The ability of rechargeable lithium-ion batteries to store up to eight times more energy than conventional designs is getting a boost thanks to a new conducting material that doesn't break down after repeated usage.
What's more, the manufacturing process is compatible with established technologies, according to researchers with the Department of Energy's Lawrence Berkeley National Laboratory in California.
Lithium-ion batteries are found everywhere from laptop computers and hybrid cars to electric power grids. The market for them is expected to soar by a factor of more than 80 between 2012 and 2020, rising to $5.8 billion a year, according to a new report from research firm IHS.
That's primarily because the batteries are likely to be integrated with gusto to the so-called "smart grid" that increasingly relies on intermittent technologies such as solar and wind energy. Batteries provide a place to store energy when excess is generated and deliver it when it's needed.
"Because of this, lithium ion is set to emerge as the dominant rechargeable battery technology for electrical smart grids during the coming years," Satoru Oyama, principal analyst for Japan electronics research at IHS, said in a statement.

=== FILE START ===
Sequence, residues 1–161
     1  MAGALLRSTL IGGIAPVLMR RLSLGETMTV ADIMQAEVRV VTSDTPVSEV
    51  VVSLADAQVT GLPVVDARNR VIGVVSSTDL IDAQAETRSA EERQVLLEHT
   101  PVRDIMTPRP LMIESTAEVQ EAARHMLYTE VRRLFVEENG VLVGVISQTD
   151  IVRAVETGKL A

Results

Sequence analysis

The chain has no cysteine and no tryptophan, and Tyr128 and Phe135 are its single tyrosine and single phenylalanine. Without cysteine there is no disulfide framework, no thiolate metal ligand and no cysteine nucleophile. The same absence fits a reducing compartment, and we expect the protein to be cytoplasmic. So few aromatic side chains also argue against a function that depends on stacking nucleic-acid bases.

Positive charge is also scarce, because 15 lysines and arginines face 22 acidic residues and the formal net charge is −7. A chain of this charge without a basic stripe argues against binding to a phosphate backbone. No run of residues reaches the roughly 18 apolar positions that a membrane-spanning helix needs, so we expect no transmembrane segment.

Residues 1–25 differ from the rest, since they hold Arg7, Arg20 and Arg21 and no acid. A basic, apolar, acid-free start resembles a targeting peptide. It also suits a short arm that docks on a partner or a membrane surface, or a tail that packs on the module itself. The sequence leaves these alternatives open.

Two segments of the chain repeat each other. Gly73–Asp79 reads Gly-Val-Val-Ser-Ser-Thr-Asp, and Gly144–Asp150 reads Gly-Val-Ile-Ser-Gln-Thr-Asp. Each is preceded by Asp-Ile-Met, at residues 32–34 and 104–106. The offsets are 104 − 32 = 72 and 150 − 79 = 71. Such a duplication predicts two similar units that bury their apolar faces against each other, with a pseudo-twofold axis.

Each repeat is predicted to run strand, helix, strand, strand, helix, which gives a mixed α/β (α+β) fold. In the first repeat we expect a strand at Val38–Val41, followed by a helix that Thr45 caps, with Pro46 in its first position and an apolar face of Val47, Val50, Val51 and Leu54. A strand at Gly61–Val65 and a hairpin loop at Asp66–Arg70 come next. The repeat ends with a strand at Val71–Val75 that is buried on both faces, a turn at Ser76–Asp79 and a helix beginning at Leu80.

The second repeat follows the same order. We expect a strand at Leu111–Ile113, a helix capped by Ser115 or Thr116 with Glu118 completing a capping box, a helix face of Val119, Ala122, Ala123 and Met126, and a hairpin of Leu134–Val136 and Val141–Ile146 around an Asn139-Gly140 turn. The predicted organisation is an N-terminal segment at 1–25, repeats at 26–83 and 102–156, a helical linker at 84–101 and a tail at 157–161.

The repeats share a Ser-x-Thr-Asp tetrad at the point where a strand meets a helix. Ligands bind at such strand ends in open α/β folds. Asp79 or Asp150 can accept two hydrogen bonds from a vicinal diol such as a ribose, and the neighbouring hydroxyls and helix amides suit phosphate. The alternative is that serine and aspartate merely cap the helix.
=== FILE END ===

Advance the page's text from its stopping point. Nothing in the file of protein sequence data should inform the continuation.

A limitation of lithium-ion batteries, though, is the amount of energy they are able to store. Researchers have identified silicon as a material that can store 10 times more energy than conventional technology, but it swells more than three times its volume when fully charged then shrinks again during discharge.
This swelling and shrinking, according to the DOE, quickly breaks down the electrical contacts in the anode, rendering the battery ineffective. This sent Gao Liu and colleagues at the Berkeley lab looking for an anode that can stay in contact with lithium-storing silicon particles.
They ended up developing a polymer that does just this. The new anode can absorb eight times the lithium of current designs and, in more than a year of testing and many hundreds of charge-discharge cycles, it hasn't broken down.
The team reports the breakthrough in the journal Advanced Materials.
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- Why batteries die
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- See-through battery in the works
- Building a better battery
- NASA battery know how powers electric cars
John Roach is a contributing writer for msnbc.com.